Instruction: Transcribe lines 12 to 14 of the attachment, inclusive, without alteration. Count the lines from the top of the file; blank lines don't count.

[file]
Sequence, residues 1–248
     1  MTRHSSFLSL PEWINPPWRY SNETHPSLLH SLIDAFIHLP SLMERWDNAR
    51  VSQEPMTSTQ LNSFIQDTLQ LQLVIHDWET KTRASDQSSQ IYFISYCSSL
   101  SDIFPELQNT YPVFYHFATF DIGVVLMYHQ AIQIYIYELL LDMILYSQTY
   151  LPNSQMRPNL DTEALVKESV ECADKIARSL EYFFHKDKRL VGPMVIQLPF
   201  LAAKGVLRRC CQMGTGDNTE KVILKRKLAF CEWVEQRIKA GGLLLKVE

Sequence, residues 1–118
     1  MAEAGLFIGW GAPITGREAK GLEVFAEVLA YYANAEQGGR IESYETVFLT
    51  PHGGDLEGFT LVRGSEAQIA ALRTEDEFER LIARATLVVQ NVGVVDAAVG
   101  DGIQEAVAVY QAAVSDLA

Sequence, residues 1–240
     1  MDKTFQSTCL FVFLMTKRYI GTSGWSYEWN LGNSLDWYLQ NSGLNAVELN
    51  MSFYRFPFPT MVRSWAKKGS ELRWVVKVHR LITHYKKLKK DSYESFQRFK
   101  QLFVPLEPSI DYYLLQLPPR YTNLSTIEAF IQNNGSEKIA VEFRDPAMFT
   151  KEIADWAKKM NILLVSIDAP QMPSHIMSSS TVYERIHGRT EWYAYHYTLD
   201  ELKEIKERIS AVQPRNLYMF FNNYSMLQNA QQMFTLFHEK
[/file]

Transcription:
     1  MDKTFQSTCL FVFLMTKRYI GTSGWSYEWN LGNSLDWYLQ NSGLNAVELN
    51  MSFYRFPFPT MVRSWAKKGS ELRWVVKVHR LITHYKKLKK DSYESFQRFK
   101  QLFVPLEPSI DYYLLQLPPR YTNLSTIEAF IQNNGSEKIA VEFRDPAMFT